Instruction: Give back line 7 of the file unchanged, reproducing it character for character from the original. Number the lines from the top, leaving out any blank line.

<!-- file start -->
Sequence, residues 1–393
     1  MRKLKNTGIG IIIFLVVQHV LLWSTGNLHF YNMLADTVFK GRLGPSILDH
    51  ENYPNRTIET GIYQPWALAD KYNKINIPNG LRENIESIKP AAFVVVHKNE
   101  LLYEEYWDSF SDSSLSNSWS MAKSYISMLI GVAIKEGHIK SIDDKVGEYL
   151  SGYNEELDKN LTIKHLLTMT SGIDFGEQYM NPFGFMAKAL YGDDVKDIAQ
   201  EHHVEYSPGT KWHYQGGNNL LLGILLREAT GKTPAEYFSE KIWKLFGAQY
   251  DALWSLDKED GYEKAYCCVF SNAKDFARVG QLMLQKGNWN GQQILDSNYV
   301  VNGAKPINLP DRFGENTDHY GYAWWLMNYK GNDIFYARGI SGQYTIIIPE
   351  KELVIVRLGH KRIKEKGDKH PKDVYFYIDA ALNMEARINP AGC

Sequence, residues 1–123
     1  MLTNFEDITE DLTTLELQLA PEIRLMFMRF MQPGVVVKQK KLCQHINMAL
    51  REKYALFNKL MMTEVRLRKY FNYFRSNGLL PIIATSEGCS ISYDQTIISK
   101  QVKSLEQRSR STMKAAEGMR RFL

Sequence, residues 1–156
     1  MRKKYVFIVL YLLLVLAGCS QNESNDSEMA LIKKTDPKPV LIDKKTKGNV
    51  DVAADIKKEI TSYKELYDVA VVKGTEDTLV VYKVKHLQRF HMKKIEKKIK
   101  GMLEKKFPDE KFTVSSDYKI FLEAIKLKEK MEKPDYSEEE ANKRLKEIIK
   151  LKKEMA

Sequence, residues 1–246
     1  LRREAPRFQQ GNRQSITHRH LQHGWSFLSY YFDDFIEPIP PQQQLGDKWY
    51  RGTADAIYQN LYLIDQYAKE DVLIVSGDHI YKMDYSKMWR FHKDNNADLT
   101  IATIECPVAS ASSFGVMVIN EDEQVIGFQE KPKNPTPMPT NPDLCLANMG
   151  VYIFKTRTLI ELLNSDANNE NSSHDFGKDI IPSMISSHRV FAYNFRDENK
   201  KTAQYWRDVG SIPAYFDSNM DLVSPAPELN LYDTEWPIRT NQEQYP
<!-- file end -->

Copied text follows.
   251  DALWSLDKED GYEKAYCCVF SNAKDFARVG QLMLQKGNWN GQQILDSNYV